AMD Executives Tease Vega Reveal On Today's Event

We've recently covered how AMD was going to have a full day today, with the company's top executives present on a meeting that is expected to build on AMD's product portfolio inflection point. This meeting will bring together most of AMD's higher-ups - namely, CEO Lisa Su, head of Radeon Technologies Group Raja Koduri, and AMD's CTO Mark Papermaster. The purpose of this meeting seems to be to discuss AMD's inflexion point, and lay out a vision for the company's future, supported on its upcoming products: the too-long-awaited Vega, its successor Navi, and the natural evolution of the company's current Zen processors, tentatively identified as Zen+.

Don't expect this to be a full-blown, specification-laden, performance-benchmarks-driven presentation, though. That honor is probably reserved to AMD's Computex 2017 event, scheduled for May 31st from 10 a.m. - 11 a.m.

AMD to Detail Vega, Navi, Zen+ on May 16th - Laying Out a Vision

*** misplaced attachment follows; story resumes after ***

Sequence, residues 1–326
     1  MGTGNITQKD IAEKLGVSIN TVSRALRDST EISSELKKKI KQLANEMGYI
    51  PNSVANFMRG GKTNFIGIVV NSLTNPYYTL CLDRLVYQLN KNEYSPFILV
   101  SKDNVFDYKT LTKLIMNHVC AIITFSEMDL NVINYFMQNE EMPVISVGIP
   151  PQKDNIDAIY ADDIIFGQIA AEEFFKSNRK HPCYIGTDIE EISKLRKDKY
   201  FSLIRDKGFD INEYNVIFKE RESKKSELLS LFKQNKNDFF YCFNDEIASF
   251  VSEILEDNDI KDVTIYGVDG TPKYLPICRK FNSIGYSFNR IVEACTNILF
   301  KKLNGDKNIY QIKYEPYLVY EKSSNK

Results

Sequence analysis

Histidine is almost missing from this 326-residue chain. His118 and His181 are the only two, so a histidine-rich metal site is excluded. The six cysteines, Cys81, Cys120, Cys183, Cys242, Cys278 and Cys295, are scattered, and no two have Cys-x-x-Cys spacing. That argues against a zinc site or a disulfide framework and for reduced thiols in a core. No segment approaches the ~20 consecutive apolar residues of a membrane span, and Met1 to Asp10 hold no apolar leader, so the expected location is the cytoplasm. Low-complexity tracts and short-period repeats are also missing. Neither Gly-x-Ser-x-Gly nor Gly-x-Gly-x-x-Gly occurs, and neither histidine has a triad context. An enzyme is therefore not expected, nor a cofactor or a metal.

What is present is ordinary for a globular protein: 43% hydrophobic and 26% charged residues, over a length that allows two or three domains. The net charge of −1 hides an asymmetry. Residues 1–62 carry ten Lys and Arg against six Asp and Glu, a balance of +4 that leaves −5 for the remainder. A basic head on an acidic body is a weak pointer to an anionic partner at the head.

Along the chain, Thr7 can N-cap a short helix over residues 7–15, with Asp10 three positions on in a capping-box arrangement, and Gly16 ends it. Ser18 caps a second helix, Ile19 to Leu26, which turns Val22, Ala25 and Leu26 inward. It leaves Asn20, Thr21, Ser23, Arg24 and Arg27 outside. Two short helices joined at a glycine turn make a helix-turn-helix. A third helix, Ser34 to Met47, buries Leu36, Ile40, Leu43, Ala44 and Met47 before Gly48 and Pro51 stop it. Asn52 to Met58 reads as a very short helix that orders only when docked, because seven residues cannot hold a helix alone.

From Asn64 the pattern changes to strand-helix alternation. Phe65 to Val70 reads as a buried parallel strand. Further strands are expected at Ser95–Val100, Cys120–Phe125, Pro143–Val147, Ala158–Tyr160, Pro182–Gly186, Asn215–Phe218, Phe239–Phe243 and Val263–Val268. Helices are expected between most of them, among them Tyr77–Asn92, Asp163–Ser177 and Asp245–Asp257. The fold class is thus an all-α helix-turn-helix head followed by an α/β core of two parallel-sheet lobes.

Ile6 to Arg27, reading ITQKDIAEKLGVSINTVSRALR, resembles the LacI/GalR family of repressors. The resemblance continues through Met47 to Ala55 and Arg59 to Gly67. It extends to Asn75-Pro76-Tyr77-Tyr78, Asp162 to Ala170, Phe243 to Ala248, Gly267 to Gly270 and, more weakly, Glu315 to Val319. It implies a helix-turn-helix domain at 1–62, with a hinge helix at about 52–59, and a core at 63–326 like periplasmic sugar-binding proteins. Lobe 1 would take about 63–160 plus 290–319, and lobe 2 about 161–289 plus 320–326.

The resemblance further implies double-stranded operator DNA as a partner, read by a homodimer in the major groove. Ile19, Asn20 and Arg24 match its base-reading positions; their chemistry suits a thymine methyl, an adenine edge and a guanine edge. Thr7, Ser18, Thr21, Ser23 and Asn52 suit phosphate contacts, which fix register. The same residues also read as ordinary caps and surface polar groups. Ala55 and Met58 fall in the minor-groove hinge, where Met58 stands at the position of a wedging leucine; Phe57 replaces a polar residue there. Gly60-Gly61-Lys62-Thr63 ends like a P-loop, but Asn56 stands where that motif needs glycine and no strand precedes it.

Reports are circling around the web regarding an AMD meeting featuring some of its higher ups - namely, CEO Lisa Su, head of Radeon Technologies Group Raja Koduri, and AMD's CTO Mark Papermaster happening on the 16th of May. The purpose of this meeting seems to be to discuss AMD's inflexion point, and lay out a vision for the company's future, supported on its upcoming products: the too-long-awaited Vega, its successor Navi, and the natural evolution of the company's current Zen processors, tentatively identified as Zen+.

Naturally, a company such as AMD has its roadmap planned well in advance, with work on next-generation products and technologies sometimes even running in parallel with current-generation product development. It's just a result of the kind of care, consideration, time and money that goes into making new architectures that makes this so. And while some would say Vega is now approaching a state akin to grapes that have been hanging for far too long, AMD's next graphics architecture, Navi, and its iterations on Zen cores, which the company expect to see refreshes in a 3-to-5-year period, are other matters entirely. Maybe we'll have some more details regarding the specific time of Vega's launch (for now expected on Computex), as well as on when AMD is looking to release a Zen+ refresh. I wouldn't expect much with regards to Navi - perhaps just an outline on how work is currently underway with some comments on the expectations surrounding Global Foundries' 7 nm process, on which Navi is expected to be built. And no, folks, this isn't a Vega launch. Not yet.